Several Atypical Myopathy cases reported in the UK

By: Horse Deals

Several Atypical Myopathy cases reported in the UK
Several Atypical Myopathy cases reported in the UK

World Horse Welfare has been made aware of several cases of Equine Atypical Myopathy (EAM) in the UK, and is urging horse owners to monitor their own horses. Liphook Equine Hospital in Hampshire have issued an alert that they have diagnosed five cases in the past few days. Two of the five diagnosed horses have died. Liphook are also aware of a further four cases attended by veterinarians which have died in the Hampshire/Sussex/Surrey area.

EAM is a disease of unknown cause which results in significant muscle damage. The condition, which seems to be becoming more common, affects horses at pasture, often in the spring and/or autumn, and has a high death rate. Similarities of the disease have been made with Equine Grass Sickness as it is a pasture related disease that appears to be associated with an adverse change in weather conditions (e.g. sudden frost, heavy rain).

Signs to look out for include: - Weakness and stiffness in horses at pasture – not related to excessive/unusual exercise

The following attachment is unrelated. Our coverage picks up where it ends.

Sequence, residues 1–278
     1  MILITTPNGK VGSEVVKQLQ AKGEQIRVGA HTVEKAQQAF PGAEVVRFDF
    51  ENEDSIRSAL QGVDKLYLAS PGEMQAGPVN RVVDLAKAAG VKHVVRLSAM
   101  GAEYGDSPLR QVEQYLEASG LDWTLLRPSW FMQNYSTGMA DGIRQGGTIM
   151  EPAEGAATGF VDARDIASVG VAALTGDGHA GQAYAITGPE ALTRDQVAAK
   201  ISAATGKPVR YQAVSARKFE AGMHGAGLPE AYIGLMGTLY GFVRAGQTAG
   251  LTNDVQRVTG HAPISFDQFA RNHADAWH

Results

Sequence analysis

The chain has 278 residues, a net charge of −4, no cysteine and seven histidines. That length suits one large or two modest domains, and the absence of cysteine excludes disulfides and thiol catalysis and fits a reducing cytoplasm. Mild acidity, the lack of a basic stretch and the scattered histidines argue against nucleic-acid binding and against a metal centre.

- Dark coloured urine

- Collapse

- Muscle tremors

Notably, for a day or two prior to referral to Liphook, the five horses also displayed clinical signs less well-recognised in atypical myopathy cases. These signs included:

- Vigorous head shaking and nodding

- Frenzied vocalisation

- Recurrent choke-like retching neck spasms without a persistent oesophageal obstruction

- Stiffness and lethargy when ridden

Intensive treatment of any case is required as soon as possible to maximise its chances of survival.

If you suspect your horse has atypical myopathy contact your vet immediately and remove the horse from the pasture.

Any other animals that are grazing with the horse you are concerned about should also be removed from the affected pastures immediately, as it is possible that there is a toxin in the grass released only during changing weather conditions that causes the disease. Further information on the disease can be obtained from

World Horse Welfare will update information as more details become available. Please visit for any updates.


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